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dc.contributor.authorJacobs, Tricia Susanen_US
dc.date.accessioned2015-10-31T06:00:34Z
dc.date.available2015-10-31T06:00:34Z
dc.date.issued2014-05-08en_US
dc.identifier.othervt_gsexam:2560en_US
dc.identifier.urihttp://hdl.handle.net/10919/63891
dc.description.abstractAs the responsibilities of principals become more complex and as accountability becomes more evident in K-12 cultures, it becomes increasingly important that high school principals be trained to empower teachers. This paper examined the research concerning the conditions of the empowerment of teachers. More specifically, it measured high school teachers' perspectives concerning their levels of empowerment by their principals based on the four domains of empowerment: meaning, competence, self-determination, and impact. This quantitative study was designed to answer three questions. First, how do high school teachers perceive their level of empowerment by their principals based on the four school conditions of empowerment: principal training, principal leadership, teacher leadership, and school culture? Second, what are high school teachers' perceptions of the degree to which they are empowered based on their understanding of the domains of empowerment: meaning, competence, self-determination, and impact? Third, how do the conditions of empowerment relate to the domains of empowerment? The study modified an existing survey developed for measuring the level of empowerment of workers in corporations. The survey was used in this study as the basis for determining the perceived level of empowerment of high school teachers in three schools in a Mid-Atlantic suburban/rural school division. Analysis of the responses revealed that school culture was rated significantly higher than the other three empowerment conditions. High school teachers rated themselves significantly higher in the meaning and competence domains of empowerment. None of the four domains of empowerment related significantly to the meaning domain. The principal training condition was the only domain significantly related to the competence domain, and the condition of school culture was significantly related to self-determination. Additionally, the teacher leadership condition was significantly related to the impact domain only.en_US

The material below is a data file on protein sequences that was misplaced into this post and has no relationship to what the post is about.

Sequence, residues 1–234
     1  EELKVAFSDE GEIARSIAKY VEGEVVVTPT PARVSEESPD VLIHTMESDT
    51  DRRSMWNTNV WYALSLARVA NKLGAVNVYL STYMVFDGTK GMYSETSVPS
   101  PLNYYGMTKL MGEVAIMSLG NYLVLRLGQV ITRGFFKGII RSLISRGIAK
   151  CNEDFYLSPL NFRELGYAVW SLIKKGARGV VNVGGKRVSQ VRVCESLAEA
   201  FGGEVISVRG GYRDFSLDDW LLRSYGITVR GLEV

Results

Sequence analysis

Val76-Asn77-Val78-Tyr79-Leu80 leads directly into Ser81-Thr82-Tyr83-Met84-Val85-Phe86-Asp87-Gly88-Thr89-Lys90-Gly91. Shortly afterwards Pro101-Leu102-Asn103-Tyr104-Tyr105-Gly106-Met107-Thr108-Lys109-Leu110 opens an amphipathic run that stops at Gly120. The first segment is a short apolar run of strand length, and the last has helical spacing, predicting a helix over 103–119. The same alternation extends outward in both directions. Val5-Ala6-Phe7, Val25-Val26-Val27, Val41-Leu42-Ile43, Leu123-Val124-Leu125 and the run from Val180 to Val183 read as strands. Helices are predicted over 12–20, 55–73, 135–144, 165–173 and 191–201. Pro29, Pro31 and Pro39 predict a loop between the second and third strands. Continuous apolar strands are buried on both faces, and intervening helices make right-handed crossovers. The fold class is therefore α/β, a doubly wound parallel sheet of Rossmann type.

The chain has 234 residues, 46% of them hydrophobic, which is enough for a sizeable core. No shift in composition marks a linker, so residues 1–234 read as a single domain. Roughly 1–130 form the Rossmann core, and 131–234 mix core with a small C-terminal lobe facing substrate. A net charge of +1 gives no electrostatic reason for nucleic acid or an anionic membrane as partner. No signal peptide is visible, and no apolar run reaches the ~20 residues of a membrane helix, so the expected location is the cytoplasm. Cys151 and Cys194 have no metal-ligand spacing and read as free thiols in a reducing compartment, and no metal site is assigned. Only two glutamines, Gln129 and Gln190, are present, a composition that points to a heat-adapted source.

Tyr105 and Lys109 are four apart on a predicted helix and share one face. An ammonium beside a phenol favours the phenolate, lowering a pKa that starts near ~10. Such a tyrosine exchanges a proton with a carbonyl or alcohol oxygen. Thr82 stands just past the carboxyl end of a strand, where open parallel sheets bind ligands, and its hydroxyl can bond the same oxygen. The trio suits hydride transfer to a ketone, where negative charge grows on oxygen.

dc.format.mediumETDen_US
dc.publisherVirginia Techen_US
dc.rightsThis Item is protected by copyright and/or related rights. Some uses of this Item may be deemed fair and permitted by law even without permission from the rights holder(s), or the rights holder(s) may have licensed the work for use under certain conditions. For other uses you need to obtain permission from the rights holder(s).en_US
dc.subjectEmpowermenten_US
dc.subjectEmpowerment Domainsen_US
dc.subjectHigh Schoolen_US
dc.subjectPrincipal Leadershipen_US
dc.subjectTeacher Leadershipen_US
dc.subjectSchool Cultureen_US
dc.subjectPrincipal Behaviorsen_US
dc.subjectPrincipal Trainingen_US
dc.subjectTeacher Perceptions of Leadershipen_US
dc.titleHigh School Teacher Perceptions of Empowermenten_US
dc.typeDissertationen_US
dc.contributor.departmentEducational Leadership and Policy Studiesen_US
dc.description.degreePh. D.en_US
thesis.degree.namePh. D.en_US
thesis.degree.leveldoctoralen_US
thesis.degree.grantorVirginia Polytechnic Institute and State Universityen_US
thesis.degree.disciplineEducational Leadership and Policy Studiesen_US
dc.contributor.committeechairMallory, Walter D.en_US
dc.contributor.committeememberMirra, David R.en_US
dc.contributor.committeememberCash, Carol S.en_US
dc.contributor.committeememberTwiford, Travis W.en_US


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